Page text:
More than 80 Georgia high school students gained real-world research experience this summer through the University of Georgia College of Agricultural and Environmental Sciences’ (CAES) Young Scholars program.
For the past 16 years, the program has paired researchers in the CAES, the College of Pharmacy and the College of Veterinary Medicine with high school students to foster their love of science.
Access to state-of-the-art equipment
Not many high school biology or chemistry labs have the equipment needed to isolate and analyze the genome of a crop fungus or gas spectrometers to parse out the compounds that make an onion sweet. Young Scholars have access to high tech equipment like this through the program.
The students conducted experiments during the two-month program to address novel and interesting questions. Some will even have their work published before they graduate from high school, which gives them a leg up in their scientific careers.
“It really expanded the kind of careers that I’ve thought about,” said Theresa Vencill, a second-year Young Scholar who graduated from Cedar Shoals High School this spring. “Originally, I wanted to do biology and maybe teach or something.
“But being here and seeing the different professors that are here and what they do and the different aspects of science, it’s really made me think, ‘Do I want to do field work? Do I want to do lab studies? Do I want to be a teacher?’ It’s really expanded my knowledge of what science is.”
Vencill worked with CAES entomologist Nancy Hinkle in testing the effectiveness of pesticides used in poultry houses.
Learning from UGA scientists
“One of the things they’re seeing here is, by doing this, these scientists are just people,” said CAES Dean J. Scott Angle. “They’re here to help and want these young people to be successful. They can become their friends and their mentors.”
Not all Young Scholars pursue careers in science, but the experience of working in a research laboratory can benefits students who go into the liberal arts as well.
“Engaging in research and understanding how research is correctly done is learning how to ask good questions and solve problems,” said John Sherwood, professor and head of the UGA Department of Plant Pathology and assistant dean for diversity relations for the CAES.
“These are skills that are useful in many aspects of one's life. Additionally, as policy and science are often mixed in the news, understanding how scientific information was obtained that is being used in a policy discussion can help an individual make informed decisions regarding that policy.”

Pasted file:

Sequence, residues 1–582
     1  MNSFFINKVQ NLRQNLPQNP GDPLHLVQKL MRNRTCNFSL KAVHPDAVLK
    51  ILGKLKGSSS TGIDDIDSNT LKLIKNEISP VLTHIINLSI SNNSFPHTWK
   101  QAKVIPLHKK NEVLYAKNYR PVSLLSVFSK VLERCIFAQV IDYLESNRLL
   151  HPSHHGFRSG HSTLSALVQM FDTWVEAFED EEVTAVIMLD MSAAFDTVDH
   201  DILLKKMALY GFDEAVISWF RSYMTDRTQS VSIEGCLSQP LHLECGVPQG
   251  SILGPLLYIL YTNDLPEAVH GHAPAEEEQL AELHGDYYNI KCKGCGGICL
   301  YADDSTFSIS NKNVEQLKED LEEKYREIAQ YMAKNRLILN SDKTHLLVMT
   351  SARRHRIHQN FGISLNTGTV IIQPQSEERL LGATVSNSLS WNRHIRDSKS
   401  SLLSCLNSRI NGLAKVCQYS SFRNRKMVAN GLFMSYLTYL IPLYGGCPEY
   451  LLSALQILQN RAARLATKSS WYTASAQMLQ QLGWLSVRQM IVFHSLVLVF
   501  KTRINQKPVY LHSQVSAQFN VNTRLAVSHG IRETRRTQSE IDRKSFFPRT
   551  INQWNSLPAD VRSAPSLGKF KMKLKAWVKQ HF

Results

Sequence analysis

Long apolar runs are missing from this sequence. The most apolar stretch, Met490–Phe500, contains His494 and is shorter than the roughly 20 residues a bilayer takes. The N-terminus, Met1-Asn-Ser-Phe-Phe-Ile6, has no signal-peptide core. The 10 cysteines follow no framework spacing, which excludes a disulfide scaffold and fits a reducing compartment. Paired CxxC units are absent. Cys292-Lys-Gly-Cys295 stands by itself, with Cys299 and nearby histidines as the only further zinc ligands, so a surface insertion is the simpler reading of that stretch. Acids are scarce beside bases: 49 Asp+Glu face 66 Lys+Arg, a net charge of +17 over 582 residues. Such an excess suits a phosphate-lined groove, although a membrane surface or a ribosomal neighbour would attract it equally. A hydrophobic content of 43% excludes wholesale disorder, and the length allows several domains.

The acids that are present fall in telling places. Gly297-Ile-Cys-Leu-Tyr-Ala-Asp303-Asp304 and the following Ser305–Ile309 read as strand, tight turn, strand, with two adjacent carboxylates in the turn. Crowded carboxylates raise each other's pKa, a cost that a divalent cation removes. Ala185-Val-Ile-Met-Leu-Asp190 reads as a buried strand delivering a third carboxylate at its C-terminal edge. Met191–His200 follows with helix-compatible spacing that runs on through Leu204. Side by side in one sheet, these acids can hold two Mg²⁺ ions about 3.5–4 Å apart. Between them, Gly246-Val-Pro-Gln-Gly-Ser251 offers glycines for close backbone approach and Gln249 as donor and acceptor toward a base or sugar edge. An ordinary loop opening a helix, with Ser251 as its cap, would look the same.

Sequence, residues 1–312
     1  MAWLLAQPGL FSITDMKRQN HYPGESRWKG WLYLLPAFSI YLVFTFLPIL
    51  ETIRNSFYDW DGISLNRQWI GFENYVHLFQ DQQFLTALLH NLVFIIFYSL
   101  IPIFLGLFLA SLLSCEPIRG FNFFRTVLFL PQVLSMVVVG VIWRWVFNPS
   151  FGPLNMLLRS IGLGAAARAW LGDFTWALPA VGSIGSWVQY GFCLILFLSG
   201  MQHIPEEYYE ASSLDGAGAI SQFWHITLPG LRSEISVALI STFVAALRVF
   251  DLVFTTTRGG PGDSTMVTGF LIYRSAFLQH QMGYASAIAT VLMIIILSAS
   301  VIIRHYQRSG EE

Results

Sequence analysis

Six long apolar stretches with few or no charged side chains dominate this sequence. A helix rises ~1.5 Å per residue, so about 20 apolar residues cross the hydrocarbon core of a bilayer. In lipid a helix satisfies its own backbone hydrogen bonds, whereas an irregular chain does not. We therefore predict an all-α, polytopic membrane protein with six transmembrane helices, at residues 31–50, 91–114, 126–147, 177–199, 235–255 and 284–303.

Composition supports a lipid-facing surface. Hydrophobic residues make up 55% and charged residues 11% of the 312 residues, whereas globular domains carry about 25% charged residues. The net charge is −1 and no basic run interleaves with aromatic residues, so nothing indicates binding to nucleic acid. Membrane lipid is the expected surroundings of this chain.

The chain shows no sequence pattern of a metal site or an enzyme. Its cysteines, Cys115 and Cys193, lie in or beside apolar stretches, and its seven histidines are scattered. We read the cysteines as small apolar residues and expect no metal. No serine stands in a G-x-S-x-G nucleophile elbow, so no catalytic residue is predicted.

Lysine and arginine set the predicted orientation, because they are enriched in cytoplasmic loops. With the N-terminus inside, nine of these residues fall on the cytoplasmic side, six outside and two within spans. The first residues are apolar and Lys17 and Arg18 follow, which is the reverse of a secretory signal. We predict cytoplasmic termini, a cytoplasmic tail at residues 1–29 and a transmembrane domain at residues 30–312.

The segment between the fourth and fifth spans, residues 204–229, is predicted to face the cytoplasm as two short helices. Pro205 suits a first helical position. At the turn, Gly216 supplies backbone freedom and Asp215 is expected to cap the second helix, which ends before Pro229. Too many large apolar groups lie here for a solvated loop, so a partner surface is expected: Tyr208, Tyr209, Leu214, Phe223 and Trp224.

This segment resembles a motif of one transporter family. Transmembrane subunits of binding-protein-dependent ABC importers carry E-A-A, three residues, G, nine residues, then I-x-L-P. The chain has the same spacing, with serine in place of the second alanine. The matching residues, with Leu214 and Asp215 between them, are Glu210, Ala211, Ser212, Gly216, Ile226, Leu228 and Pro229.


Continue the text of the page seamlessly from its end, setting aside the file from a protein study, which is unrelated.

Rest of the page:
Began in Griffin
The Young Scholars program began on the UGA Griffin Campus in 1989 and was originally geared to provide a collegiate experience to students who were not planning to attend college.
Since then the program has expanded to include UGA’s main campus in Athens and the UGA Tifton Campus. The program strives to select students that are truly ready to engage in real world research and match them to projects of potential interest.
Because of this experience, many Young Scholars continue their research careers when at UGA as undergraduates through the college’s undergraduate research program.
Third-year Young Scholars will round out there experience by traveling to UGA’s Costa Rica Campus this week for an international experience.
For more information about the Young Scholars Program, visit www.ysp.caes.uga.edu.
(Merritt Melancon is a news editor with the University of Georgia College of Agricultural and Environmental Sciences.)
Recent high school graduate Theresa Vencill counts beetle larvae in the laboratory of entomologist Nancy Hinkle on the University of Georgia campus in Athens. As a UGA Young Scholar, Vencill was responsible for testing the effectiveness of pesticides that may be used in poultry houses.Download Image
Recent Cedar Shoals High School graduate Theresa Vencill worked alongside University of Georgia entomologist Nancy Hinkle this summer. Vencill was one of 82 students selected for the UGA Young Scholars Summer Internship Program.Download Image